Though about four years of age at that time, the writer recalls something of the excitement which prevailed at Liberty, and presumably the whole county was so affected. Orators for and against secession spoke at different places and made their arguments before the crowds. Former Gov. William B. Campbell, of Lebanon, was one of the speakers going over the State pleading for the Union. The cry of the Unionists was, "Hurrah for Campbell and the Union!" and that of the secessionists, "Hurrah for Jefferson Davis and the Southern Confederacy!" What took place in Liberty, as stated before, was characteristic of other portions of the county. The Southern sympathizers believed they would triumph in a few weeks, just as the North thought the war would not last long. To illustrate, Frank Foster, an aged saddler of Liberty and an extremely small man, would when in his cups ride his big horse up and down Liberty's one street and cry, "As for Yankees, I can whip half a dozen and outrun a thousand"; while White Turney, then reading law at Smithville, declared that within six weeks he would be eating Abe Lincoln's ears with a piece of hard-tack.

At first blush it appeared that all DeKalb County was for the South. Nevertheless, there was a strong undercurrent opposed to disunion, and this manifested itself after a while. Thus William B. Stokes, who had been a popular politician, at first sided with the South, going so far as to urge the enlistment of Confederate troops ; and when he changed his mind he found hundreds of men ready to follow him on the other side. Under the excitement prevailing it is not a matter for wonder that many men found it hard to come to a decision.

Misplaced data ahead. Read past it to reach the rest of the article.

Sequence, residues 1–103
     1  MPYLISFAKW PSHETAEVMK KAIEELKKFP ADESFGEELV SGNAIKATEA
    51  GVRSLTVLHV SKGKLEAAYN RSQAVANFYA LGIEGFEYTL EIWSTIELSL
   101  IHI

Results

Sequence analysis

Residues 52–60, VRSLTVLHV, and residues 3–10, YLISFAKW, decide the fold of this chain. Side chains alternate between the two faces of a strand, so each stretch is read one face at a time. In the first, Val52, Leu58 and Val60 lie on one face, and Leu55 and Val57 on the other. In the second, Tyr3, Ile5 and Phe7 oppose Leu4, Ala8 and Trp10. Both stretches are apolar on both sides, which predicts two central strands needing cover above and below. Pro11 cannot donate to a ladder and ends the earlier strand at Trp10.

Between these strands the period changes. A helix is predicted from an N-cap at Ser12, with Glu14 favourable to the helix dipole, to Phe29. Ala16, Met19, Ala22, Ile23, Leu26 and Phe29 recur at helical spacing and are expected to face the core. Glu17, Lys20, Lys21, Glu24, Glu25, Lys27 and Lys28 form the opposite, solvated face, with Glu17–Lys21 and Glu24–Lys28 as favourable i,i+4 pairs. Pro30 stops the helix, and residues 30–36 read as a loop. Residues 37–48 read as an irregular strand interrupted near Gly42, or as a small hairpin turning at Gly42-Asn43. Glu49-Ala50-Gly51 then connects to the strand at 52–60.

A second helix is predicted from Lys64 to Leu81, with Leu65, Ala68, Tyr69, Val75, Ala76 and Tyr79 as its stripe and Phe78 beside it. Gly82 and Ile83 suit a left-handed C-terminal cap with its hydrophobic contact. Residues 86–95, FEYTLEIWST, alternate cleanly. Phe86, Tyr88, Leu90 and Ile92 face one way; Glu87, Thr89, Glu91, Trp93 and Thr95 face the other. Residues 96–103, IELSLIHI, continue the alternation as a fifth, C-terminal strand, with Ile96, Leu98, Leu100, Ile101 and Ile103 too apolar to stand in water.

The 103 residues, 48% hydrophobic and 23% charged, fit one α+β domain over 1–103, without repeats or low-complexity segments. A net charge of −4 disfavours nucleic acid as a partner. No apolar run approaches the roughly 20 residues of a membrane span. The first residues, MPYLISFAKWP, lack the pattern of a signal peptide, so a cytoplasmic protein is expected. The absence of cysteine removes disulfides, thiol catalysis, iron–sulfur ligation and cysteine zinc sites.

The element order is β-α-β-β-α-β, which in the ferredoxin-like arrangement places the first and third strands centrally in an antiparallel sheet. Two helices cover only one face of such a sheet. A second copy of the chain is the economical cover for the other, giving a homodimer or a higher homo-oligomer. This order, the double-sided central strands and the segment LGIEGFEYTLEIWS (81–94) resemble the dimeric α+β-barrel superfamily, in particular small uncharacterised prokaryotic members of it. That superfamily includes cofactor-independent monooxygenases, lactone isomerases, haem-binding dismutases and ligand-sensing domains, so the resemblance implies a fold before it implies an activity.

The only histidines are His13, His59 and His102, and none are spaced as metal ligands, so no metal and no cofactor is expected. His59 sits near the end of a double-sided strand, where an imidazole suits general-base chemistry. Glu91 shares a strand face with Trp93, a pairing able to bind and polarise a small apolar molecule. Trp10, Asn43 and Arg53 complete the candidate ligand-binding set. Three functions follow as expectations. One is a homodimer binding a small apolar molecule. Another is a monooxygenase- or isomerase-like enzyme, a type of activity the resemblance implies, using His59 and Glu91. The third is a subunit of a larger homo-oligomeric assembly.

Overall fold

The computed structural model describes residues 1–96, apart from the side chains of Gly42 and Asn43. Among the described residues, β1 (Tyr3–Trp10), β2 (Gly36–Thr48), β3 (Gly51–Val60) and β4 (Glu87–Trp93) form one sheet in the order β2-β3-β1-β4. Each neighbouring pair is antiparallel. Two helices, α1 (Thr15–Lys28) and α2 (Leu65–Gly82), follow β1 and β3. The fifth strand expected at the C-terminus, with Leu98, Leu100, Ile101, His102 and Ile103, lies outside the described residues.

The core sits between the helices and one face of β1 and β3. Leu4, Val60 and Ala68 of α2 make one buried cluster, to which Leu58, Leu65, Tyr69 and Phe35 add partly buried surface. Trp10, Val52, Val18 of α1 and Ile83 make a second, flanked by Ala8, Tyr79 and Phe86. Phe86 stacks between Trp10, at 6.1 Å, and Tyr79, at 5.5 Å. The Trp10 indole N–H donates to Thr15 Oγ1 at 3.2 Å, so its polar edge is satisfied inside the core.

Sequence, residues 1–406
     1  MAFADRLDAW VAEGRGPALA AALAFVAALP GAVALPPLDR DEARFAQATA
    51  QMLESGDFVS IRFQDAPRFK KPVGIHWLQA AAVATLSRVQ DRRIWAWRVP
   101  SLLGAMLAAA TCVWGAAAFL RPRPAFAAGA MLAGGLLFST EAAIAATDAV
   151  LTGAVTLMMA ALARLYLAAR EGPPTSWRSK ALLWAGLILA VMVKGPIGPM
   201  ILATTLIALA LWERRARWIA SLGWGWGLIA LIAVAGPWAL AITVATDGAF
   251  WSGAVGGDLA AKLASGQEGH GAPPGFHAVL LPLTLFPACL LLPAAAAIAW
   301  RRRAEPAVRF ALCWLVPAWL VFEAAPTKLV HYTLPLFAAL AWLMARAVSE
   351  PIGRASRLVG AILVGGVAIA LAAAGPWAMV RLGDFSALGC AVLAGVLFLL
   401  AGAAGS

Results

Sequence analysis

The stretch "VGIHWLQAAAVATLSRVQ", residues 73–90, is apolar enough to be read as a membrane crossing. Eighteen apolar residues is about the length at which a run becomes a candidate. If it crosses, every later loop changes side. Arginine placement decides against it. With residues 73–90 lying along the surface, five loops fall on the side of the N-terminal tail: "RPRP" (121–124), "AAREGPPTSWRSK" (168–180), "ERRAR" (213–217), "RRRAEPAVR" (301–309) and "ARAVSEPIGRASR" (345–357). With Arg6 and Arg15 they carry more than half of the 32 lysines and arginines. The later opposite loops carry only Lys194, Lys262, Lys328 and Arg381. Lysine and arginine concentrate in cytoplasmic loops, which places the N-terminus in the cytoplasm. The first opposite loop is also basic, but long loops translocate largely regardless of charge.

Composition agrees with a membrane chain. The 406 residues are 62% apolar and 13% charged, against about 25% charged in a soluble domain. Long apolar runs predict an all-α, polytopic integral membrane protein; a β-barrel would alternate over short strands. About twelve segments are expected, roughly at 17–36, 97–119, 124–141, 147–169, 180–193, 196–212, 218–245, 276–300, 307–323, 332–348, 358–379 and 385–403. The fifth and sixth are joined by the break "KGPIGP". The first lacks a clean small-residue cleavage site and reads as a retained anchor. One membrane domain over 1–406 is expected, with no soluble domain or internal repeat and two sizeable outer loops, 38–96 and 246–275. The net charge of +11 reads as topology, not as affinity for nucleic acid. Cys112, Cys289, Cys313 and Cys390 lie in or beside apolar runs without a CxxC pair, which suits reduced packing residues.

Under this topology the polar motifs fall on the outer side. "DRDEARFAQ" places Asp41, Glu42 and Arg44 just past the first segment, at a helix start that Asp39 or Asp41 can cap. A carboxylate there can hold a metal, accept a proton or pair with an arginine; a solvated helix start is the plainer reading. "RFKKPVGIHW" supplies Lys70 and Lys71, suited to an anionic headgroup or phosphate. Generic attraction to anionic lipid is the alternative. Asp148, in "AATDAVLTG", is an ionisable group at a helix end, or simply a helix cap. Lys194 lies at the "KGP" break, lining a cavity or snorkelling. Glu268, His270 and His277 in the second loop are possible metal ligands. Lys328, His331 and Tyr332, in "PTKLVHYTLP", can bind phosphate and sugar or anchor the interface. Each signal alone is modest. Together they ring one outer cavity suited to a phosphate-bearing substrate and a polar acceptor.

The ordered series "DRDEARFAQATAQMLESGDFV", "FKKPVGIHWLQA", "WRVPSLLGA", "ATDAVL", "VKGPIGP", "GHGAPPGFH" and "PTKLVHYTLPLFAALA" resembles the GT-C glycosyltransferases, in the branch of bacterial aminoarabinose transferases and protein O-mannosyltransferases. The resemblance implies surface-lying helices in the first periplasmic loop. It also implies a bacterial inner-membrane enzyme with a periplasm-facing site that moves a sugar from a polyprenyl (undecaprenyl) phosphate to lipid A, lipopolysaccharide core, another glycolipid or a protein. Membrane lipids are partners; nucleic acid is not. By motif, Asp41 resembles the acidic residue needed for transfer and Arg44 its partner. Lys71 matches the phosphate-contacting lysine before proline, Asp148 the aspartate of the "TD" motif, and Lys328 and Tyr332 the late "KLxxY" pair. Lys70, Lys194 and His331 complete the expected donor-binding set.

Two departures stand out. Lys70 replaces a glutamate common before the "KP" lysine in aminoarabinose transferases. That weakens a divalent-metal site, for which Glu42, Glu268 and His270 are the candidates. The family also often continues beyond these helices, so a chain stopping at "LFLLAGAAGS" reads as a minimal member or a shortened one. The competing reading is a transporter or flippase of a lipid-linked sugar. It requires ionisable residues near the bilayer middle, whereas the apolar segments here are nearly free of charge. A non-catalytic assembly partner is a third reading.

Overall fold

Some of the earliest enlistments of DeKalb County Confederates were made in a company raised at Auburn, in Cannon County; T. M. Allison, captain. This company was mustered into service at Nashville June 28, 1861. There comes back now the recollection of its advent into Liberty, musicians playing "Drive That Black Dog Out of the Wilderness," the lazy forenoon when, among the yard's old-fashioned roses, the bees droned slumberous and the neighbor boys watching the troops pass in their red hunting shirts, keeping step to fife and drum. Classic music may suit the cultured, but you hear that old tune, sweet and plaintive, yet somehow moving and thrilling one impetuously; hear it under such circumstances, and it will never be forgotten.